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Expungement can remove many obstacles and open new opportunities to those with convictions. In general, expungement means erasing or eliminating something from records. In criminal law, expungement is a legal proceeding to seal the criminal conviction records of an offender. By an expungement process, information or records in computers, files, or other depositories relating to criminal charges will be officially destroyed, stroked out, or obliterated.
State laws govern procedure to expunge records and the laws vary from state to state. Each state lays down its own laws for what information can be expunged from records, who is eligible, and the process for expunging.
When statutory requirements to expunge a criminal record are met, the courts will allow a person to have his/her criminal record expunged. A person convicted of a crime can file a petition for expungement with the court. The courts may order expunging of the records only if it is proved that expungement is necessary for the furtherance of justice.
After the records are expunged, details of the offense, such as records of arrest, investigation, trial, detention, and conviction, will be sealed or eliminated from the state or federal repositories. However, in many states the records may not be completely sealed, and the expunged records will be available to law enforcement agencies. Records expunged may be opened if the person is charged with subsequent convictions or if conditions stipulated for expunging records are not complied with.
Expungements will be ordered by the courts based on the law of jurisdiction in which the record to be expunged was made. Records of less serious convictions are generally expunged. Often, grave offenses such as rape, offenses against minors can't be expunged. Many states also prohibit felony expungement. Convictions that can't be expunged include:
Many states have laws that allow expunging criminal records of juvenile offenders charged with a crime. Record expungement seals the criminal history of delinquent acts of juveniles. The purpose of sealing juvenile records is to guard a juvenile offender from the negative impacts of criminal reports and arrest records. Expungement of criminal records allows a juvenile to lead a normal life on attaining maturity.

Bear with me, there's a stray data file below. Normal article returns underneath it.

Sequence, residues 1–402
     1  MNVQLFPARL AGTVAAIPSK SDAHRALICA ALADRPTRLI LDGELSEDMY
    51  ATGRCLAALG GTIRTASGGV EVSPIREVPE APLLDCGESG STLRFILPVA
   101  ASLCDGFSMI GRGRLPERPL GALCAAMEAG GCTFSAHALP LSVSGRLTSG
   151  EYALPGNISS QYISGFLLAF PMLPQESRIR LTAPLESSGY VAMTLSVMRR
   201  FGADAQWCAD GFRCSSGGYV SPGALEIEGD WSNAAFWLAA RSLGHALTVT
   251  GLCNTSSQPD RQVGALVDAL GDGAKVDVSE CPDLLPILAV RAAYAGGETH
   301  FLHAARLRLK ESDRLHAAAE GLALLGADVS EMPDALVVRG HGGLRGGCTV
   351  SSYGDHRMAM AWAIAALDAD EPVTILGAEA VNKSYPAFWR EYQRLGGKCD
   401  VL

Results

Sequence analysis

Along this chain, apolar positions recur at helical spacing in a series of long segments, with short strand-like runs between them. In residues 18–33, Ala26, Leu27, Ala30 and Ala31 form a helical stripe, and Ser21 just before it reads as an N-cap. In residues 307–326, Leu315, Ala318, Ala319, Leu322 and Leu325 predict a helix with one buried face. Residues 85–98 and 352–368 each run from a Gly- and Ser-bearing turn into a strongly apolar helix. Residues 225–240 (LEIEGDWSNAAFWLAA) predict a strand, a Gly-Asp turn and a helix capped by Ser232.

The expunged records cannot be accessed for making criminal history checks for general employment or licensing purposes. However, expunged records can be accessed for background checks for employment of law enforcement officers or jobs involving children or aged persons.
Apart from expungement of records, some states issue a Certificate of Rehabilitation (COR) to restore civil and political rights of persons convicted of crimes. A COR certifies that a person is currently complying with the laws and is showing good moral character.
Expungement is a legal proceeding by which records of criminal convictions are sealed from public records or destroyed. Record expungement seals or removes information from the files of public repositories, thus making the records unavailable to the public. Files and information stored in the depositories of courts, law enforcement agencies, correction centers, detention facilities, and criminal justice agencies can be expunged. Records relating to a criminal offense that can be sealed through expungements are:
Expungement procedures are governed by the law of the state where the arrest or the conviction occurred. Courts will usually grant a petition to expunge records if the following conditions are fulfilled:
Both misdemeanor and felony convictions can be expunged. But the nature and form of relief available for these convictions varies according to the criminal charges and sentences ordered by courts. In general, courts will not allow petition for felony expungement for a person convicted of serious felony convictions. The convictions that are typically not eligible for expungement are:
Many jurisdictions allow expunging of juvenile records automatically once a juvenile attains a certain age. Sealing juvenile records will allow a minor who has committed delinquent acts to obliterate his/her records permanently and enter adulthood with a clean start. In some jurisdictions, a juvenile has to file a petition for expungement. If a petitioner is above eighteen years of age, courts will allow a petition to expunge criminal records and will seal the records from the public domain. However, juvenile records relating to adjudication for murder will not be expunged by courts.
Yes. Courts will unseal records expunged for future convictions. Further, when prosecuted for a crime, an accused has to disclose all prior convictions, along with expunged convictions, if any.
Generally, expunged records will not be accessible to public and once sealed such records cannot be used for law enforcement or civil use. A record expunged cannot be used for criminal history checks or background checks by any private or public entity. However, some jurisdictions allow for scrutiny of expunged records for employment verification of law enforcement officers and in jobs involving children or aged persons.